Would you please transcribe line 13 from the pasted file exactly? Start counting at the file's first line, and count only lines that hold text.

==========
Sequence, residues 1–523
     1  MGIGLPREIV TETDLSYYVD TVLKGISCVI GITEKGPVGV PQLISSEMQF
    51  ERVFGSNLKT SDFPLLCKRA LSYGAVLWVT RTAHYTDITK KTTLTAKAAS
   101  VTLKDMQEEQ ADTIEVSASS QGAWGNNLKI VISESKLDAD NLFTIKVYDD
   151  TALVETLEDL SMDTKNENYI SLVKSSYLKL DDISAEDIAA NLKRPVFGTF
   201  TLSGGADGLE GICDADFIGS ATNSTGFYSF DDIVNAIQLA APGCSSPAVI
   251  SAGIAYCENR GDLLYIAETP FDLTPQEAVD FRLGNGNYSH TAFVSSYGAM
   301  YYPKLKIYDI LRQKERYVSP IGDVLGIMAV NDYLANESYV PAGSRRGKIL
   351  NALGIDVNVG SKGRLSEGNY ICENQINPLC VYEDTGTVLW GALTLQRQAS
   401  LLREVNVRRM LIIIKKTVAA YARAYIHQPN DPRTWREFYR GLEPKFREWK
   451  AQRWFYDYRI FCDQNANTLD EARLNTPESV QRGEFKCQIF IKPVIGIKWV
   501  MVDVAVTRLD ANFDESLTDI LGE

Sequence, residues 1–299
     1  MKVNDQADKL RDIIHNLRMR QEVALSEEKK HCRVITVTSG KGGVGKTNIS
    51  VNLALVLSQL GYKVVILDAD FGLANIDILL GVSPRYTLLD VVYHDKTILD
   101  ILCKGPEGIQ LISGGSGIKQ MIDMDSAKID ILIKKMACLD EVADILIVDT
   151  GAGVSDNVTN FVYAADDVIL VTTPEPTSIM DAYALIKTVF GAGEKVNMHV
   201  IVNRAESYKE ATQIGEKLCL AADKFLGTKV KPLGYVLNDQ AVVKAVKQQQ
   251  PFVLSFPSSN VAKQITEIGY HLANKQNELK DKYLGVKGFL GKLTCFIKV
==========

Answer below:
Sequence, residues 1–299